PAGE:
Interesting point,the banks are getting let off left right and centre,surely its time for the irish government to give us tax payers a little bit back.I know loads of people on fixed rates and i can tell you that it would stimulate the economy if their was some sort of an amnesty.

But the question is,how long is the variable rate going to stay as low as it is?
 

DerKaiser

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1,442
Re: Extrication from Fixed rate mortgage?

I usually hold the opinion that if you enter into a contract with your eyes open, you must deal with the consequences if it doesn't go your way.

But on this issue, I feel there is some merit in a proposal for a once-off amnesty where owner-occupier mortgage-holders get a brief "window" of time to break out of a fixed rate entered into prior to October 2008 without penalty.

In Brian Lenihan's Budget speech, he said "The Government has decided that from the 1st of May, Mortgage Interest Relief for principal private residences should only be available for the first seven tax years of the mortgage. I believe this move is justified given the significant recent reduction in interest rates and in house prices."

He is using the rate decreases as a justification for a reduction in TRS, but those on a fixed rate don't benefit from such decreases.

The ECB rate cuts were designed to stimulate the economy, but this aim will be diluted by all those on fixed rates.

As has been said before, these are unprecedented times - perhaps there is scope for one more unprecedented action?
It is very likely that we will end up owning the banks. If we allow everyone on a fixed rate to break out of it, it is effectively a transfer of wealth from those on fixed rate mortgages to those that are not.

The majority of people on fixed rates can afford to pay and should be held to contract. The focus should be on finding a solution only for those who are in genuine difficulty and this measure would not achieve this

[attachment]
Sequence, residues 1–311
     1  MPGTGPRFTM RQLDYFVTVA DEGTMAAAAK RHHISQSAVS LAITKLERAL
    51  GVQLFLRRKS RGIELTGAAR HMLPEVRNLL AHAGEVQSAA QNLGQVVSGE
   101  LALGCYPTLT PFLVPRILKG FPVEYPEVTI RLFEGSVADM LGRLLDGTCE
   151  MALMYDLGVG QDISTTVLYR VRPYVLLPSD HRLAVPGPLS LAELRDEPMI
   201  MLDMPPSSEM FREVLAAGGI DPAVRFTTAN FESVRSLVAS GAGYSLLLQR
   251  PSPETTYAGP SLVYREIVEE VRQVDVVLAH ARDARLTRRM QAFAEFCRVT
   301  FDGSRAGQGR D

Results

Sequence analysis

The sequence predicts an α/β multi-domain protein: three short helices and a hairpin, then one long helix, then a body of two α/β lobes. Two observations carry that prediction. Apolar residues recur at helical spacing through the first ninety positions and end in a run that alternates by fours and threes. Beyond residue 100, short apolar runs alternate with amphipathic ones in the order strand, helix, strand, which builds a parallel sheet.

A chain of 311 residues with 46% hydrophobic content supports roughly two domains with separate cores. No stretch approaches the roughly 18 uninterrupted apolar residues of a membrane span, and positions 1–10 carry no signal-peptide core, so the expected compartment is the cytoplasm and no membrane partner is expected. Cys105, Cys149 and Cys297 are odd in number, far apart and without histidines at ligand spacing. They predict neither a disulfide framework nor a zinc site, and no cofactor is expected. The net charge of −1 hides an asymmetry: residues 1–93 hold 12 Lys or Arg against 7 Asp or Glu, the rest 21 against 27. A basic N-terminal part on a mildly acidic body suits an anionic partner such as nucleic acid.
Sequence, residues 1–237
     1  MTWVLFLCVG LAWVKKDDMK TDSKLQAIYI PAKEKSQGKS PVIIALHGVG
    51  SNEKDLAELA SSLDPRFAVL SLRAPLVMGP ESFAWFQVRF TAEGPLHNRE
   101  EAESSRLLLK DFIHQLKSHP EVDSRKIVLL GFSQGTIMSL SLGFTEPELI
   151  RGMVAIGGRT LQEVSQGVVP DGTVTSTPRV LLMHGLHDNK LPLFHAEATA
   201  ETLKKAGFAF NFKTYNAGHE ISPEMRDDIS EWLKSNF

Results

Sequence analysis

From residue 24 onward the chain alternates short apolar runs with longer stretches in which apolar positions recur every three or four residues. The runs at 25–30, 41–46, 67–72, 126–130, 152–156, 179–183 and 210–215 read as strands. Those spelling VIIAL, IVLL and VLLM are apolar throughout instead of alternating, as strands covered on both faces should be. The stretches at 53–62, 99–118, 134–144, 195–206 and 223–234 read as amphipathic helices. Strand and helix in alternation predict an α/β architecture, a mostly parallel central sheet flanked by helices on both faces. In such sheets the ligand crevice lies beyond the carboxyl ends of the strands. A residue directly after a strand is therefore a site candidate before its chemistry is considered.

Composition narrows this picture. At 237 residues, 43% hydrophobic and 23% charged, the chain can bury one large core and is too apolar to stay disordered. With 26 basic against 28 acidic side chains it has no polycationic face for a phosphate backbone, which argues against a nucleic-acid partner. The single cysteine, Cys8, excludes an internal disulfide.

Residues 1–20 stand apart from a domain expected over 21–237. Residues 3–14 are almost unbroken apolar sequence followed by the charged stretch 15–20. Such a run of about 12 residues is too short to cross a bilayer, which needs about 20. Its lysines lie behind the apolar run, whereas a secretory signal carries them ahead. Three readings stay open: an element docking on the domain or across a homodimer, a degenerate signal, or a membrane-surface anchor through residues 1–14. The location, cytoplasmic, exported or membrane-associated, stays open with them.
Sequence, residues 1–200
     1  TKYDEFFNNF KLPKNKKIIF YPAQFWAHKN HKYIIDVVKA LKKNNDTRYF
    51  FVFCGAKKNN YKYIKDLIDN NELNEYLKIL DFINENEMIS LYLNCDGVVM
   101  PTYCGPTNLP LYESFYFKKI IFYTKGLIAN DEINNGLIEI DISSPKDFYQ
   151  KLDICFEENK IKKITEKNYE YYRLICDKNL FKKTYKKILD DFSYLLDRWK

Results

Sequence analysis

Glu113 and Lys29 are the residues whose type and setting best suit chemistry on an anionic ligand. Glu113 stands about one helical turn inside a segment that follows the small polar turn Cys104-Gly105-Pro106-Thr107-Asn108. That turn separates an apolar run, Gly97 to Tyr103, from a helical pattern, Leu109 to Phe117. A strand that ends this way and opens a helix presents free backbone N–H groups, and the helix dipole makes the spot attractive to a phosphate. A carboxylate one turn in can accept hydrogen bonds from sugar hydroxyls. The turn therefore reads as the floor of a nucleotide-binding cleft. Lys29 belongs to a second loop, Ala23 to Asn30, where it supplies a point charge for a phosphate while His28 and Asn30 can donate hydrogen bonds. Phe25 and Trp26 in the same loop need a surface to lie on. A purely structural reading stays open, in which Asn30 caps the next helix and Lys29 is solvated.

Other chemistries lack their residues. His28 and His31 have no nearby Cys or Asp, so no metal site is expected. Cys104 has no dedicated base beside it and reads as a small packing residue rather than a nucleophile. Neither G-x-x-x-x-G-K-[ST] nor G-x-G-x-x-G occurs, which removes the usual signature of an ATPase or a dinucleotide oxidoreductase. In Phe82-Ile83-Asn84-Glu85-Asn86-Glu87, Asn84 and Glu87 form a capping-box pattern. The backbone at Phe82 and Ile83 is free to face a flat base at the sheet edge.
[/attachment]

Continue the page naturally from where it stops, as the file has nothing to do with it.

Berbatov

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Re: Extrication from Fixed rate mortgage?

all fixed interest rate holders misery will be compounded even more at the start of next month with JCT more than likely cutting rates by a further 0.25% bringing the ECB to 1%.
 

Kate10

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Re: Extrication from Fixed rate mortgage?

Why do people keep saying things like "the banks are getting away with it" etc etc? Clearly they did not get away with anything. They are barely surviving. What is a bank anyway? Ultimately its the banks shareholders who pay the price for a failing bank, and if the banks fail totally, then each and every one of us with suffer. Developers don't appear to be getting away with anything. Most have lost virtually everything. NAMA is going to buy their debts, seize and sell the security for whatever it can get for it, and developers will still owe the balance.
 

LDFerguson

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Re: Extrication from Fixed rate mortgage?

NAMA is going to buy their debts, seize and sell the security for whatever it can get for it, and developers will still owe the balance.
Yes but it appears that NAMA will be buying the debts for less than actual value. So the banks will have to write down the value of these debts to some degree.

Just a hunch, but I would expect that the cost to the banks of allowing fixed rate mortgage holders a limited period to break out would be less than the write-down on developer loans. Bear in mind that many people would turn down the option for a variety of reasons.

DerKaiser - policing such a scheme so that only those in difficulty would qualify would be very labour intensive. Opening it to all would get around that - those in difficulty would jump at it. Many of those who aren't might well stick with their fixed rate. Bear in mind that ECB rates will almost certainly go back up - the only question is when. So many will hang on to their fixed rates for safety.